Great & Little Langdale Circular Walk

Route Summary:

Circular walk from Great Langdale to Little Langdale

Distance
Ascent
Time
15.2 km 445 m 5 hours

Calculate the time using Naismith’s Rule and factor in your own pace.

Start and Finish: Chapel Stile

Facilities:

Pubs and cafes in Chapel Stile and Elterwater, see our full guide to Great Langdale for more details

Check out the businesses nearby for more places to stay and drink.

Hazards:

Remember that we cannot outline every single hazard on a walk – it’s up to you to be safe and competent. Read up on Mountain Safety , Navigation and what equipment you’ll need.

Public Transport:

There are good public transport links between Great Langdale and Ambleside, with the  516 Bus Route between Dungeon Ghyll – Kendal / Ambleside running six buses daily.

Traveline for UK Public Transport
Parking and Post Code for Sat Nav (where applicable): 

Weather Forecast:

Met Office Lake District Mountain Weather

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Great & Little Langdale Circular Walk Route Map and GPX Download

Download

Great & Little Langdale Circular Walk Details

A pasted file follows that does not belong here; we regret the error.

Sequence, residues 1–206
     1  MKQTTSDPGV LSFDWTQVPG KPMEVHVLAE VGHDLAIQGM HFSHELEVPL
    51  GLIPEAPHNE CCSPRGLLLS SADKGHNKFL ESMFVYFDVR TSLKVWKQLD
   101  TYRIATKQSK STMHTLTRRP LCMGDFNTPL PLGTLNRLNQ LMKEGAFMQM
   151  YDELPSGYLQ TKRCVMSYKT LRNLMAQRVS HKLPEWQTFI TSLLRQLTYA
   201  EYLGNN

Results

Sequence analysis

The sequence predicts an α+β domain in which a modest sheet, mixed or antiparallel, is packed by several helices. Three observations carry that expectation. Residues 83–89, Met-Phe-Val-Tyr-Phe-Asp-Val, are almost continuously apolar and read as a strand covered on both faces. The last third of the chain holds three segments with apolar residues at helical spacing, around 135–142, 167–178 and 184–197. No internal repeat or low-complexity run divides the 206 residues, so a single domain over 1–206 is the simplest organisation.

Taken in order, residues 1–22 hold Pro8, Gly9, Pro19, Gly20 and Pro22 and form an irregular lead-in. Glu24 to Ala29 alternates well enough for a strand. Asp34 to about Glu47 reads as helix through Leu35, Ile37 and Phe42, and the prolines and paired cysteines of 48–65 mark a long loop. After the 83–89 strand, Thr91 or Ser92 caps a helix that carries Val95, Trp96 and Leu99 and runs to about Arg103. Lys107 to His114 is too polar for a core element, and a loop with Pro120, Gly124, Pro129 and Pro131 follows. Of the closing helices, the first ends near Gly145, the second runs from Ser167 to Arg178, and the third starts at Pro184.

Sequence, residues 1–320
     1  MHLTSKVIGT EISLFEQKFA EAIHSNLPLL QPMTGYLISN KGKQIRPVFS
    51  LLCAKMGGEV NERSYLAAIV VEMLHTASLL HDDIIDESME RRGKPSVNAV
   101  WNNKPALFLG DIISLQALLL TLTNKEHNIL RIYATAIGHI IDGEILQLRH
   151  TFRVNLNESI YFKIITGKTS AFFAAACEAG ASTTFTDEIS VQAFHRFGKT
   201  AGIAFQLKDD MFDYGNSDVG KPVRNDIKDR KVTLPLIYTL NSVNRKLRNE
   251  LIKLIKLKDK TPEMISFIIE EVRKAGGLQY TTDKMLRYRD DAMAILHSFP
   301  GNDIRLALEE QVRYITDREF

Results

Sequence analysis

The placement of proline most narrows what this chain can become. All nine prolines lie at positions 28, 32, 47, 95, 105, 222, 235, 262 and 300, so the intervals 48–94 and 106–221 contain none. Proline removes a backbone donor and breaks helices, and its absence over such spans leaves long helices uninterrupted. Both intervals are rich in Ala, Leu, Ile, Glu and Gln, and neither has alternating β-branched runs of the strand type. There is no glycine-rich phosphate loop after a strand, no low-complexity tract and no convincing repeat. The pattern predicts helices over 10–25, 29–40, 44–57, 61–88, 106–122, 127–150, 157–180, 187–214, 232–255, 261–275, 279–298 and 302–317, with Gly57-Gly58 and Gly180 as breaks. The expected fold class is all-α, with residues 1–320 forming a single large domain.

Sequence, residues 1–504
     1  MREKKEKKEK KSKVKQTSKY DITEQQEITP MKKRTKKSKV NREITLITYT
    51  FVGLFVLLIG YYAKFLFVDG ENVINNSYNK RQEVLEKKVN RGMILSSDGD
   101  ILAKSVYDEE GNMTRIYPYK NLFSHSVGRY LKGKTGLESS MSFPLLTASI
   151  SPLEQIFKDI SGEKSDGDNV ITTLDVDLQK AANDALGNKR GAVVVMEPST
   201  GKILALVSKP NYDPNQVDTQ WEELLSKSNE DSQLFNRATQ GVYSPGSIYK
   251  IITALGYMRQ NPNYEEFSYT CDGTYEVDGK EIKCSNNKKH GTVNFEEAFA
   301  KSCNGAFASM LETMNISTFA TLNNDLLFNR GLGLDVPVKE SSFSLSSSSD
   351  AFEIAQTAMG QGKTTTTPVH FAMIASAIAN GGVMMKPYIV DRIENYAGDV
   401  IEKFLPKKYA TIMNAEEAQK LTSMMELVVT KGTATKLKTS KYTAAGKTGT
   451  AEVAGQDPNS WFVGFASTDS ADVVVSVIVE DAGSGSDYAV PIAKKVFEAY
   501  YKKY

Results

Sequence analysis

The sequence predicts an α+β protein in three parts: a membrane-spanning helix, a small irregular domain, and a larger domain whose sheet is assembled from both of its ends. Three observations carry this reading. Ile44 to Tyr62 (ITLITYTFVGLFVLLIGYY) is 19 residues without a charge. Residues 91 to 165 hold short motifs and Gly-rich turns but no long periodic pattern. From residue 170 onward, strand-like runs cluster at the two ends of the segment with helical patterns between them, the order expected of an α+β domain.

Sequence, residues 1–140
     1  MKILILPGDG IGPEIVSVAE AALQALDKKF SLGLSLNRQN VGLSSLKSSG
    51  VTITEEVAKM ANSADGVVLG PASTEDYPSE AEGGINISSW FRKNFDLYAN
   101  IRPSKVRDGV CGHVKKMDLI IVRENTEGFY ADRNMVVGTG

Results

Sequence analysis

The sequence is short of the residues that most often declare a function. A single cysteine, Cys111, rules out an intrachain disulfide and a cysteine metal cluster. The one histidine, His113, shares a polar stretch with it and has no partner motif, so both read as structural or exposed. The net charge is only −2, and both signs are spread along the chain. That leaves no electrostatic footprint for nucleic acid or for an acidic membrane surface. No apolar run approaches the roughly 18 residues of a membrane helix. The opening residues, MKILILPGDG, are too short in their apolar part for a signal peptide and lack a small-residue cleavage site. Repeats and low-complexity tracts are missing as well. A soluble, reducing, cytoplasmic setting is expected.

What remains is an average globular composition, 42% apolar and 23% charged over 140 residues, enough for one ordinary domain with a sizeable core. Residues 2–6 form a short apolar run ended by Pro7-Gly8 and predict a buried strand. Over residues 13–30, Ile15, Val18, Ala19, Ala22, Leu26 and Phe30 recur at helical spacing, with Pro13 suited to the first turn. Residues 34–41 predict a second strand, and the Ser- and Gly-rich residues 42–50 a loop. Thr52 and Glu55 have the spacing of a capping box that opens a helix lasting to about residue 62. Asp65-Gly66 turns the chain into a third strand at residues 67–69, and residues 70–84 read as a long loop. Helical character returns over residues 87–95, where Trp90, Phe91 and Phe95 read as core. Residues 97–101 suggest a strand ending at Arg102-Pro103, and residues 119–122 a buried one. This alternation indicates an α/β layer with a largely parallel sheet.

There are few valleys in the Lake District that offer easy walking as scenic as Great Langdale, and its compact sibling; Little Langdale. This circular walk brings in the best lower level walking offered by both Great and Little Langdales. One feature of this walk is the visibility of the Langdale Pikes, which seem to be visible for almost all of the walk.

You can start this route at any point on the circular, with this walk starting from Elterwater, staying low along the bottom of Great Langdale as far as New Dungeon Ghyll Hotel. The route continues on to the Old Dungeon Ghyll Hotel before crossing Langdale and climbing up to Blea Tarn. It’s over to Little Langdale, past the tarn of Little Langdale Tarn and over Slater Bridge before the final leg over the shoulder of Lingmoor Fell.

It’s worth diverting slightly at Slater Bridge to the man made Cathedral Cave. Instead of crossing the bridge, continue for a few 100m and it can be found a short distance to the right. It’s a disused quarry, now owned by the National Trust and apparently has it’s own resident goldfish!

Great Langdale and Little Langdale Circular Route

Click here to download the printable pdf version of the route in a new window (external site).

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